Measuring the impact of marketing and its return on investment (ROI) on your marketing spend has never been easy. The biggest risk to any business, however, is not taking the steps to provide clear metrics on their marketing campaigns. A study conducted by Kantar Millward Brown showed that over 75 percent of marketers would increase their marketing spend, if they had a greater ability to track ROI. Multiple factors need to be considered when reviewing what directly impacts your company’s success in a clear and measurable way. This article will address some of those key ways to get the most out of your marketing spend by measuring marketing ROI.

Goals & Objectives

The first step in your marketing campaign is to clearly define the goals that you are planning to track. You’ll want to understand three major things: the strategy, the cost of acting on that strategy, and the results from that strategy. Are you hoping to increase your number of followers? Or increase the traffic to your website? Asking yourself these types of questions can help you define what to look for in your marketing ROI.

Listing your SMART objectives can help assess the quality of what you measure. The term SMART stands for items that are –  Specific, Measurable, Actionable, Relevant and Time-bound. Marketing teams can better understand what their work is achieving and how it impacts company sales and ROI.

Set your goals, objectives, and events in your Google Analytics or Customer Relationship Management (CRM) platform to evaluate your metrics and customer data. These types of platforms help with large data sets and can even generate automatic reports.

Brand Metrics

These brand metrics are focused on the “before-and-after” of your marketing campaign, and help you identify just how you developed overall in your strategy.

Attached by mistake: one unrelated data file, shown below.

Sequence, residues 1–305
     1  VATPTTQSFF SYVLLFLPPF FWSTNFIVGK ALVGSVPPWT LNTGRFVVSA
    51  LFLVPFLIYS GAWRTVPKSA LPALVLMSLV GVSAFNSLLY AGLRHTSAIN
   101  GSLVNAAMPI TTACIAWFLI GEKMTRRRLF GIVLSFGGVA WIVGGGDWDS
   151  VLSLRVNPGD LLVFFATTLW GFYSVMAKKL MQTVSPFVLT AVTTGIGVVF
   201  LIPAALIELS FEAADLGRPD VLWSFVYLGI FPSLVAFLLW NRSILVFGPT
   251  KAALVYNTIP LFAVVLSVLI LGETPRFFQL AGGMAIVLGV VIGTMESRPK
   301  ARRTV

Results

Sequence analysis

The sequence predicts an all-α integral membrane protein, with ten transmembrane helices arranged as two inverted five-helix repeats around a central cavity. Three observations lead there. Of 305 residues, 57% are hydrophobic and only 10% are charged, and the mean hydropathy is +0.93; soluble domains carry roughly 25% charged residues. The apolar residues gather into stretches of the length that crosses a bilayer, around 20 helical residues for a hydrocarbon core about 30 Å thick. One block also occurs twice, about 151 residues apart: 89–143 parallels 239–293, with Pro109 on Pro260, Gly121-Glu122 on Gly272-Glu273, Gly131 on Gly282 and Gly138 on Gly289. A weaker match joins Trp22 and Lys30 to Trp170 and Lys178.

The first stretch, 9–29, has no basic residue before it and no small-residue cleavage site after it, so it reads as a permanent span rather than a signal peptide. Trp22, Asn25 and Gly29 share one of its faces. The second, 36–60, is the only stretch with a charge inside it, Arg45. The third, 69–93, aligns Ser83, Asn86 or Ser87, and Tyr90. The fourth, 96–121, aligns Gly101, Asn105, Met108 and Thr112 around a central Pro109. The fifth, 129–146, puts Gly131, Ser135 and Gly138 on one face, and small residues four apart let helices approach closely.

First to Last Touch Point

When you break down the number of first and last interactions for your audience, and the influencing touches in between, that you have with a customer during a marketing strategy can influence or drive a sale. You’ll be able to see what elements of your marketing campaign are driving more customers to make a purchase.

Sales Lift

Through sales lifts, you identify the increase in sales during marketing activity. To track these metrics digitally, you can use UTM Codes, social media, or Google analytic pixels, to help you discover the exact path someone took to get to your checkout page. For offline tracking, studies can be performed using data from loyalty purchases or coupon redemptions, and compare the differences between people who were exposed to marketing material and a control group that was not.

Brand Lift

Brand lifts are increases in achievements from the main marketing objectives of your campaigns. According to Marketing Land, brand marketers have used metrics such as awareness, brand affinity and likelihood to purchase, to successfully measure the impact of their brand advertising and gauge how consumers’ attitudes and feelings change around a brand.

Average Sales Cycle Length

This sales metric is the amount of time from your first touch with a prospect to closing the deal, averaged across all won deals.